Credit strategies invest in corporate and EM hard currency bond spreads. We therefore hedge out interest rate risk via selling interest rate futures, predominantly in US and German Bunds, for USD and EUR rates, respectively. Absolute return mandates also use futures, swaps (include CDS/CDX) and options to express directional or relative value investment views for alpha generation.

David Litchfield: Fundamental long-only credit managers typically have a longer adoption process for two reasons. Firstly, using a listed instrument is out of their normal purview as their realm is typically OTC, cash bond and derivatives trading. Secondly, introducing a listed instrument can be problematic from a mandate perspective as well as getting past the learning curve. That said, the client interest we are seeing is significant. Among the asset owner community, the utility of futures is clear. The majority use government bond futures – which fit their mandate – so they know how futures work. The corporate bond futures that we offer aren’t too much of a leap for them to start using. It’s just a question of going through the approval process.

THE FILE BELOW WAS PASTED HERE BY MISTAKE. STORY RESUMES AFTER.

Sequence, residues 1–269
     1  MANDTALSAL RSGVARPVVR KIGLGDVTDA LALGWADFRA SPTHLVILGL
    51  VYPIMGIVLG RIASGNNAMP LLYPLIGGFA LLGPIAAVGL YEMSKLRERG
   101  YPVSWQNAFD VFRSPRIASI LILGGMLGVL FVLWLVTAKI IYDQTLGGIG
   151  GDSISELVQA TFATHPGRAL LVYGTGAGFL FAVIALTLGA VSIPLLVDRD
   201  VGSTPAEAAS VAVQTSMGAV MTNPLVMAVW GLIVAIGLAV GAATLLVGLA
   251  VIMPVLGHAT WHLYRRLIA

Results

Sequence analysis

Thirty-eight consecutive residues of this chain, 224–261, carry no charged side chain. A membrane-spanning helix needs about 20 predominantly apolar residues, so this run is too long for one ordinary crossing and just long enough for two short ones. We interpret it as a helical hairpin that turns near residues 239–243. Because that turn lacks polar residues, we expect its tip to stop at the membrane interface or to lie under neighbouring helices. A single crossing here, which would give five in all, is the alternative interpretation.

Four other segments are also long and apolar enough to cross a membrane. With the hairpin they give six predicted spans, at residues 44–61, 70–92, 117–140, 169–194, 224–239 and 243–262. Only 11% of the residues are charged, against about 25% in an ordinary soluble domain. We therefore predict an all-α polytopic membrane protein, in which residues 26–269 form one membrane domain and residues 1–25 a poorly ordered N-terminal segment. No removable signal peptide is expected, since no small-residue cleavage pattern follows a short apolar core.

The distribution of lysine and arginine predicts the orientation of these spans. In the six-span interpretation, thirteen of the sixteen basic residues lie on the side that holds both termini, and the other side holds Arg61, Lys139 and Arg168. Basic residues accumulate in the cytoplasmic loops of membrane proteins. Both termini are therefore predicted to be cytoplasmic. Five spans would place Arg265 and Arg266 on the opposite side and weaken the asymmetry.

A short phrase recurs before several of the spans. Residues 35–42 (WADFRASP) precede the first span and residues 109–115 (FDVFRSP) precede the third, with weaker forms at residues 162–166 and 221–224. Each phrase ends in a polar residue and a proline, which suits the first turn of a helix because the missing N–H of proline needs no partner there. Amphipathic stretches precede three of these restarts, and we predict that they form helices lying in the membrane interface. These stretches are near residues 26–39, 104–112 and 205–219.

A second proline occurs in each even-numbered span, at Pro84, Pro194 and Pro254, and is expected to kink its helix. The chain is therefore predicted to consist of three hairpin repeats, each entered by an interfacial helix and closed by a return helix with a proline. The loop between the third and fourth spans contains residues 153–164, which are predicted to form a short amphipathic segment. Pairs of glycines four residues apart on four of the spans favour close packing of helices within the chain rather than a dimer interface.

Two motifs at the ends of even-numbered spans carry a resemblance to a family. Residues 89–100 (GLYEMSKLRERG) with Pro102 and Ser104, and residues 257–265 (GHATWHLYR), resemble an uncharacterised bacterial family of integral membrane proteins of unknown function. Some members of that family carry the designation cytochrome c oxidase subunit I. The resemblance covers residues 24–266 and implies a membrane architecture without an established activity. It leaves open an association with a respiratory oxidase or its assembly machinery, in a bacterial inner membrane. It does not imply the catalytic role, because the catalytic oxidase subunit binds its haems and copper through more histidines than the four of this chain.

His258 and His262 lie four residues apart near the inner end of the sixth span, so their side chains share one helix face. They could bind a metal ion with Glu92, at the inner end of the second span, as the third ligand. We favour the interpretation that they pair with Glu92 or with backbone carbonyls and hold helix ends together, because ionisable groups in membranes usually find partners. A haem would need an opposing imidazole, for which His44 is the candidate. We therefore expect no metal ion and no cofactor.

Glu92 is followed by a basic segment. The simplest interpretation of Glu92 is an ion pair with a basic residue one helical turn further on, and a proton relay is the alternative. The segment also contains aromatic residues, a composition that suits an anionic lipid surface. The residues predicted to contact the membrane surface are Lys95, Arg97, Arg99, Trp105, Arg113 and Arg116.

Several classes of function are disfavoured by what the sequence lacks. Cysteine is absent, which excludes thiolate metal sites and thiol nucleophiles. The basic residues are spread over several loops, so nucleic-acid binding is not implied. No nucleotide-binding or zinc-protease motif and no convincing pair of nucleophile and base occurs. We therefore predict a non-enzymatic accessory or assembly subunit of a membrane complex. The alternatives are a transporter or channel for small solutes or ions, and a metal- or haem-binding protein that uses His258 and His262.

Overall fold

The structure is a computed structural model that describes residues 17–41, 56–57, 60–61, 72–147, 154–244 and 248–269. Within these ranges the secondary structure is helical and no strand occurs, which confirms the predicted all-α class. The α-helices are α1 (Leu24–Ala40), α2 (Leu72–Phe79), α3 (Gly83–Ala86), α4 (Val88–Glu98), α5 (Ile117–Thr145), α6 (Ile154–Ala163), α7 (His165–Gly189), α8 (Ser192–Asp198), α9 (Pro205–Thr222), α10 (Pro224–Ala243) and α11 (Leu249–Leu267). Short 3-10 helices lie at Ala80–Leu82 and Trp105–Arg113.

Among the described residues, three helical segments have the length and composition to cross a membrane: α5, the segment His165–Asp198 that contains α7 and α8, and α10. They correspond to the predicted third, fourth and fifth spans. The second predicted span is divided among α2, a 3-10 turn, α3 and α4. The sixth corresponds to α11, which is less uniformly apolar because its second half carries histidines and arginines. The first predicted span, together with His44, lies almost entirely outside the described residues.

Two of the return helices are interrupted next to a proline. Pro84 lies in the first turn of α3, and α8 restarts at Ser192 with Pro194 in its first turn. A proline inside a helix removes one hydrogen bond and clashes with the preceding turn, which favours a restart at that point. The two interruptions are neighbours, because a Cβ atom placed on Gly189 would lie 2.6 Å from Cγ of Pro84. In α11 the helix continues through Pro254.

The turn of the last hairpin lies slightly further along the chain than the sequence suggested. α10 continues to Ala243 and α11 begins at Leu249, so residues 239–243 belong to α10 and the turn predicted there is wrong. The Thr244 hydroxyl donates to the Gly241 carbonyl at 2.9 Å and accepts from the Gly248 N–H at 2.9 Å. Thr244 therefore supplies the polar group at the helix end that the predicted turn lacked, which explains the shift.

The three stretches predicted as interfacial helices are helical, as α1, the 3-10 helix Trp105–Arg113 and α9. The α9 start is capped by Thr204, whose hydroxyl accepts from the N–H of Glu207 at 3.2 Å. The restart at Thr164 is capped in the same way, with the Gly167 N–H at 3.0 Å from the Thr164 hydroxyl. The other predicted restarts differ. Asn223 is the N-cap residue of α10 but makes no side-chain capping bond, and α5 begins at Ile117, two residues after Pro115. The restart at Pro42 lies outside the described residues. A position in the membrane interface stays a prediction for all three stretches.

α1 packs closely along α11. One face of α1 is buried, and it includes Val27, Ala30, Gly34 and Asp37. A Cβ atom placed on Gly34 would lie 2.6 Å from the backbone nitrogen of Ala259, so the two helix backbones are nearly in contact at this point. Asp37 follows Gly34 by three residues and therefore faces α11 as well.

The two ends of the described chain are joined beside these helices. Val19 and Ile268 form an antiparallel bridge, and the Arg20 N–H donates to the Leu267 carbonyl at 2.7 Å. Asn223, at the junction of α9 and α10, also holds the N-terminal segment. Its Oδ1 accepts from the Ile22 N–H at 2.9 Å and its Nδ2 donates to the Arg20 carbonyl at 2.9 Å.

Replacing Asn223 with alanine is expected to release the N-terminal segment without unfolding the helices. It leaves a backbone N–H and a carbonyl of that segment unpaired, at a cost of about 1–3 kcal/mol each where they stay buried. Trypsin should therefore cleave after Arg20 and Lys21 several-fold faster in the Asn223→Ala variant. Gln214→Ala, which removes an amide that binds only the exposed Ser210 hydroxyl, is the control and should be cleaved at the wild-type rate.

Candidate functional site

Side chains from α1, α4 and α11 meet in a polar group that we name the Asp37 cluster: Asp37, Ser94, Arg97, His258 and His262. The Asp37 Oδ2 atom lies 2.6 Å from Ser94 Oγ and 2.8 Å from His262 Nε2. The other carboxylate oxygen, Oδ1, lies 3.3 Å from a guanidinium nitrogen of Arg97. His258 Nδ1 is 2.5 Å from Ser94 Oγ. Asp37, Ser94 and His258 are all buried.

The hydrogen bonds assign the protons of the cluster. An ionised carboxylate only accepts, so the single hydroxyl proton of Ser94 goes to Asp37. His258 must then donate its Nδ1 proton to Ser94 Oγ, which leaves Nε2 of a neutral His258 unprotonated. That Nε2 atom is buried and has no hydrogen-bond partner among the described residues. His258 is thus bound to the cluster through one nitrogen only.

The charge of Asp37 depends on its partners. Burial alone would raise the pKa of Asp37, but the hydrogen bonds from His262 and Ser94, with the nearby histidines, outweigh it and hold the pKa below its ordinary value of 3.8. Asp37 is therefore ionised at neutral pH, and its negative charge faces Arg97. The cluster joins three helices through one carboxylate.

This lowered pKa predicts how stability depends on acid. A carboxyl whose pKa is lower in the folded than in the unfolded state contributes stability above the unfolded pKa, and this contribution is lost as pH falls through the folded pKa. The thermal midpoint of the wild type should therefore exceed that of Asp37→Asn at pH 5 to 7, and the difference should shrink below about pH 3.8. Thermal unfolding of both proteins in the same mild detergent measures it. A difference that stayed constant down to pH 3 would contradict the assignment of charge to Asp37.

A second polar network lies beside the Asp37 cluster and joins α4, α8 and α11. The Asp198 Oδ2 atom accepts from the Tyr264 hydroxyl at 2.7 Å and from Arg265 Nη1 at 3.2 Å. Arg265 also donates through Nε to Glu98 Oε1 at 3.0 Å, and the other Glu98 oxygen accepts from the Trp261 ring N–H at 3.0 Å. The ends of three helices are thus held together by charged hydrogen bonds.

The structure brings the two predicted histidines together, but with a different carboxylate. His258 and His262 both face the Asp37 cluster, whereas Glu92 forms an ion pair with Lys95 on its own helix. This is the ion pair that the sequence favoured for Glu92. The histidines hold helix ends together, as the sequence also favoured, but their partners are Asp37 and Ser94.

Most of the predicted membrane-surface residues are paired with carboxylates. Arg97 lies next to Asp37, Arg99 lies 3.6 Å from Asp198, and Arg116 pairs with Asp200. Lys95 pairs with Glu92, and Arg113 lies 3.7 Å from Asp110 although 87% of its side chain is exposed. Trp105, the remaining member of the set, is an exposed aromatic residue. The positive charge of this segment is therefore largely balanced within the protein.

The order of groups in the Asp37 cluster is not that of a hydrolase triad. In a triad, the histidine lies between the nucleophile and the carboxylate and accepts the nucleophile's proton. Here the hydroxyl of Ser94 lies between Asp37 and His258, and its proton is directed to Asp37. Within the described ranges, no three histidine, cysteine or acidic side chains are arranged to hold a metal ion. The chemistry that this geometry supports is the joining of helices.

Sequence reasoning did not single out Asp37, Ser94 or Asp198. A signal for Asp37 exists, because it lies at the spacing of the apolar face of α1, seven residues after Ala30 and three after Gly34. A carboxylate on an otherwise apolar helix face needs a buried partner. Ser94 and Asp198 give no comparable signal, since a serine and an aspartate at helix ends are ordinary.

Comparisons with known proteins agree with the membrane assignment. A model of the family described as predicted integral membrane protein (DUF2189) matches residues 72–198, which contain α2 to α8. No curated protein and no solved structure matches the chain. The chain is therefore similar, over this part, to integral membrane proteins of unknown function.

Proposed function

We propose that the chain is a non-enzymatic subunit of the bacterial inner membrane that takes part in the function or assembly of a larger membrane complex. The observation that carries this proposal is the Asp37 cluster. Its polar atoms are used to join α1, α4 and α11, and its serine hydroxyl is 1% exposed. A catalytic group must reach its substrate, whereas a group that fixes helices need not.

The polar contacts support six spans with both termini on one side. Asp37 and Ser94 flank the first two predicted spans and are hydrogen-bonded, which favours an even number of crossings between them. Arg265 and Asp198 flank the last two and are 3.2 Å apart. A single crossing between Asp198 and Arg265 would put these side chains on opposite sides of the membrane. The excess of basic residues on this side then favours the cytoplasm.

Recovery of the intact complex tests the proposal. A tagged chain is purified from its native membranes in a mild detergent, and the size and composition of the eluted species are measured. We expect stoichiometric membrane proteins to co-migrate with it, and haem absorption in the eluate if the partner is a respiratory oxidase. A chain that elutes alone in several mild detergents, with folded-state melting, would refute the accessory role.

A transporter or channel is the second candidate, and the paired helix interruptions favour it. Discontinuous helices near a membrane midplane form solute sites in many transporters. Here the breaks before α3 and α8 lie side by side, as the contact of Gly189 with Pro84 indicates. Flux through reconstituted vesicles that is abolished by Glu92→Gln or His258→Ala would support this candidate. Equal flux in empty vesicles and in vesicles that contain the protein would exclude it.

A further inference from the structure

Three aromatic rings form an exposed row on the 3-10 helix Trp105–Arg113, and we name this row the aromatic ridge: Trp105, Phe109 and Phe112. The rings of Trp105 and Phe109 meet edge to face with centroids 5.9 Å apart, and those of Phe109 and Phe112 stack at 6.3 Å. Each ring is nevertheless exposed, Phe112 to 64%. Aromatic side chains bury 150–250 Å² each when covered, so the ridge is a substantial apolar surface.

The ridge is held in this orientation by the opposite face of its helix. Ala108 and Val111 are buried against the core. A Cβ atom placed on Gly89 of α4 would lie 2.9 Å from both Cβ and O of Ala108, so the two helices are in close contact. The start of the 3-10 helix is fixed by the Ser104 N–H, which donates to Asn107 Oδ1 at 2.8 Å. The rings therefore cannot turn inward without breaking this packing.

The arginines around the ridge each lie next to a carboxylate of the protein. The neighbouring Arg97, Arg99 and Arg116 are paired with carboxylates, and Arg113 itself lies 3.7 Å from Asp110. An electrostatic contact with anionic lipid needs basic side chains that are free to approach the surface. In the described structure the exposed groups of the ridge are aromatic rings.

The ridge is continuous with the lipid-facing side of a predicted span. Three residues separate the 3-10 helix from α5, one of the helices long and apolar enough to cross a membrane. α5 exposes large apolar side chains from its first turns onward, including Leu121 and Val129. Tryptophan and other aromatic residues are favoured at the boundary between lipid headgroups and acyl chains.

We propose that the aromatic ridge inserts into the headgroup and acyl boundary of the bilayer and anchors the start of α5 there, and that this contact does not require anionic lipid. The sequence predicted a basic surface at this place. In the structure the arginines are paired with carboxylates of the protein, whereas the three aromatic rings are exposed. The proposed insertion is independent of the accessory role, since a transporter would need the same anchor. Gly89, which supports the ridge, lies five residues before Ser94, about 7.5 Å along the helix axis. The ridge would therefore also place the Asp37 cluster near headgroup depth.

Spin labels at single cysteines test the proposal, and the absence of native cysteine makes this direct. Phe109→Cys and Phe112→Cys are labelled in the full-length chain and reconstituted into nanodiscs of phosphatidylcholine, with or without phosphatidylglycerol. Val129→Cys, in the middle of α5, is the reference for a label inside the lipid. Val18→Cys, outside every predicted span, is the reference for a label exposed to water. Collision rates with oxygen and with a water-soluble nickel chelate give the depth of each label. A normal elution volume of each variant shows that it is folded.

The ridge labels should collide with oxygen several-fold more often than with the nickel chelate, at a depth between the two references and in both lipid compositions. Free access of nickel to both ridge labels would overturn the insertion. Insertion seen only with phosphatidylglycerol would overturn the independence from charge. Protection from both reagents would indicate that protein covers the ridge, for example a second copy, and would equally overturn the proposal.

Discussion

Another issue out there is perceived liquidity. A large number of clients wait on the side-lines for more liquidity to come to market, to ensure they can trade at size. However, there is a misconception if they think the size is not there; they will look on the screen and see the volumes as they are now, but so far two banks are supplying block prices in addition to other market makers. That is a big game changer.

What difference does that make to liquidity?

David Litchfield: A lot of institutions will require at least two or three banks to be put into competition for best execution. With two banks supporting the products, it is very encouraging. Other banks are looking to set up sooner rather than later as well. If a desk needs to trade US$100 million but only sees an open interest of US$100 million that might be a perceived barrier. But if they are used to trading US$100 million dollars of HYG or LQD by phoning a bank and asking for a risk price, they can do the same thing in the futures and find comfort in the liquidity that it brings.

Do you think that the increased use of exchange traded funds in the fixed income space is changing the perception of using listed instruments as part of a credit portfolio?